with the parts sanded and wiped off, the insides were painted with acrylic craft paint. This would keep the foam from melting when the parts were spray painted. Standard Krylon gloss blue and gloss white were used with some gloss yellow for detail pieces. The chest window is a piece of plexiglas we had cut at the hardware store and hot glued in. The border around the window was made from a single piece of sheet styrene plastic. Various details were added using mostly foamcore or styrene. The knee details are pieces of styrene painted and hot glued on. The eject button was made from spare junk, the play/stop/FF/RWD buttons were more foam coated in resin. The power switch and volume knob on the back of the legs were made from foam coated in styrene. The hands were made out of craft foam using patterns I found online here. The back detail is mostly foamcore and is velcroed to the back.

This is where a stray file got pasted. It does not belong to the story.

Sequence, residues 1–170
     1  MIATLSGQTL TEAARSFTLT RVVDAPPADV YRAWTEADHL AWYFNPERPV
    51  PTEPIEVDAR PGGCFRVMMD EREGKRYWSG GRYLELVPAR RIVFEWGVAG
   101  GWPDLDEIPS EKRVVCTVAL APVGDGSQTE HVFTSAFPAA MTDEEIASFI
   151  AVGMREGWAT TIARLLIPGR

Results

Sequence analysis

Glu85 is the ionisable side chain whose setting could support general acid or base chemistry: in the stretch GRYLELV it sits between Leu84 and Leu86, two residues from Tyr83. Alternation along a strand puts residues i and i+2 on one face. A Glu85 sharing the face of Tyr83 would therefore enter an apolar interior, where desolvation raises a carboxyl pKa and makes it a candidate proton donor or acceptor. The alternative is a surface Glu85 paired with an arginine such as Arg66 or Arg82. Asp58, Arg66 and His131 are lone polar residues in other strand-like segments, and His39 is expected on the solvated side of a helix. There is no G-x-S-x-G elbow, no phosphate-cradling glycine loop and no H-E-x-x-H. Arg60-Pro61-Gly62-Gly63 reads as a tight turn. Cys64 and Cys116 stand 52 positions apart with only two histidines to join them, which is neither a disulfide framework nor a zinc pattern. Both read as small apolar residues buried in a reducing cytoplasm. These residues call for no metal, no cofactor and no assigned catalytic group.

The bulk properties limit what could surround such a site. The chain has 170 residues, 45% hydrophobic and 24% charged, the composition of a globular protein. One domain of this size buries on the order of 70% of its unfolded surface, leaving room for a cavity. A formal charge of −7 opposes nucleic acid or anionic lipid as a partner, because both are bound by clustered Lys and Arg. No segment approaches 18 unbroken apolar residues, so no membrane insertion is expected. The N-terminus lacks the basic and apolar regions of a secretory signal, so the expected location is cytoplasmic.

I had little to do with the gun and shoulder cannon other than recommending cannibalizing a Nerf gun for parts. Tony did a great job scavenging parts and putting them together. The main bodies are thick cardboard tubes with Kool-aid lids, bottle caps, Skoal containers and foam cups added for detail. The shoulder cannon wound up getting screwed to the shoulder bell since putting it on the chest box would keep Rose from turning her head. The cassettes are just pieces of foamcore painted up and attached to the inside of the chest plate with velcro so they're interchangeable. So far they have Buzzsaw and Laserbeak though they plan on doing others eventually.